A transgender doctor has been struck off by Turkey’s health ministry for ‘offending public morality’ after posting a series of bikini pictures to social media.
The doctor, Larin Kayatas believe the decision was political and an attempt to discourage members of the country’s LGBTQ+ community from pursuing careers in medicine.
In a Twitter post last week, the doctor told her followers that she had been banned from working as a doctor, as well as in the civil service, after one of her colleagues filed a complaint to the Presidential Communication Center (CIMER).
She wrote that the colleague ‘did not see my behaviours and manner befitting the public morality and thought I was not suitable for the profession.’
Kayatas claims she had been targeted at work for years because of her transgender status and her social media posts, where she regularly speaks about the struggles of the LGBTQ+ community in Turkey.
After being notified of her dismissal, she took to social media to express her outrage at the decision, which she believes is linked to her being transgender. She said that during three earlier disciplinary meetings she was asked by Istanbul’s Provincial Health Directorate why she joined the march and whether she was trans.
According to Kayatas, they also asked her: ‘What do you aim with your tweet saying ‘Give you vote to the [opposition Republican People’s Party] CHP when the elections come?”.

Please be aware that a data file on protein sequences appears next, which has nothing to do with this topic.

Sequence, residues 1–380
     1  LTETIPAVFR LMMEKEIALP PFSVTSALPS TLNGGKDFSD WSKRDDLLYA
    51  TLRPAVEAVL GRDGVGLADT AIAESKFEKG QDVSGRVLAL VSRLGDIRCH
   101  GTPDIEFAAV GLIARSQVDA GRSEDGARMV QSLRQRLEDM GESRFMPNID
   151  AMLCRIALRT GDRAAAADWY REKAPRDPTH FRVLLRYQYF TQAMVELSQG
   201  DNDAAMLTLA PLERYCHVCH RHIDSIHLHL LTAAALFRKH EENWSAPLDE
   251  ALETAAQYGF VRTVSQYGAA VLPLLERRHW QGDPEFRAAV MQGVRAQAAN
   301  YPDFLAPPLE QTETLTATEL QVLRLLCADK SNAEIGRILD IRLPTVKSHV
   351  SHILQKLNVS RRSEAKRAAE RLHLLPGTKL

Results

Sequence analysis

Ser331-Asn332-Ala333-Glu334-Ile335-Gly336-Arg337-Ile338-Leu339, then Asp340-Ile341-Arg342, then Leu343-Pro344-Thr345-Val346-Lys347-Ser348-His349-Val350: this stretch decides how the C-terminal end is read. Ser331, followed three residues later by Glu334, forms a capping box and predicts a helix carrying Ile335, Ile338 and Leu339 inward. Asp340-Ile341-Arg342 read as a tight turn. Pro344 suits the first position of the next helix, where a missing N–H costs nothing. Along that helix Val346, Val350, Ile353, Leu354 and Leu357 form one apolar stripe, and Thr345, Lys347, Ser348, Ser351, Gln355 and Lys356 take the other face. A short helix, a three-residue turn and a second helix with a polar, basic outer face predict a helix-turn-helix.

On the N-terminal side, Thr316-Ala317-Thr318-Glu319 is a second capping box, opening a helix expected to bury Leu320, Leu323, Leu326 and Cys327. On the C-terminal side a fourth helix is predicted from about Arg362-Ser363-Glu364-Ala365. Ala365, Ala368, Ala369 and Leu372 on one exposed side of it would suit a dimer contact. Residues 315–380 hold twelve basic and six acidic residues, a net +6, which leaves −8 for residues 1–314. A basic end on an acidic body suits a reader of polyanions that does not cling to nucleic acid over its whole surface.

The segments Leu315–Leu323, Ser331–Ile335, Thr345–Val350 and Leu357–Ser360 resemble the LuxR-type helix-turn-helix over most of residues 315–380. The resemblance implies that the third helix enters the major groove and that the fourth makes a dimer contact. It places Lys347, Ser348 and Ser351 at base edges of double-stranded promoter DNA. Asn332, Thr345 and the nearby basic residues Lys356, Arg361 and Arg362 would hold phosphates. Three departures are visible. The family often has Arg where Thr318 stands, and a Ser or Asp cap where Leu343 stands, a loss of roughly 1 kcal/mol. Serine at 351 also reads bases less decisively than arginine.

She said she had been told by officials that her ‘social media posts were not in line with the public morality, did not befit the behaviours and actions of a civil servant and [that] I was supposed to act morally as a young woman.’
The exact reason for her dismissal has not been made public by CIMER.
‘How is being a trans woman a crime, and how on earth does it limit my ability to carry out my duties as a doctor?,’ Kayatas wrote on Twitter.
‘I have worked my whole life to become a doctor,’ she said, adding that she had gone through six years of medical school ‘and now my future has been shattered.’
Kayatas said that she has been ‘officially condemned to social death’ as she cannot now seek work at a private hospital due to the fact her dismissal and ban came before her mandatory period of service in a public hospital had been completed.
She said her basic rights have been violated and vowed not to give up as she embarked on bringing a legal challenge against the dismissal.
Social media users shared numerous messages of support in the comments of Kayatas’ posts.
One message of support came from Sebnem Korur-Fincanci, the chair of the Turkish Medical Association (TTB), who wrote that she was a ‘first-hand witness’ to how successful Kayatas was as a student, and said that she will stand by her.
LGBTQ+ groups and women’s groups have also pledged their support.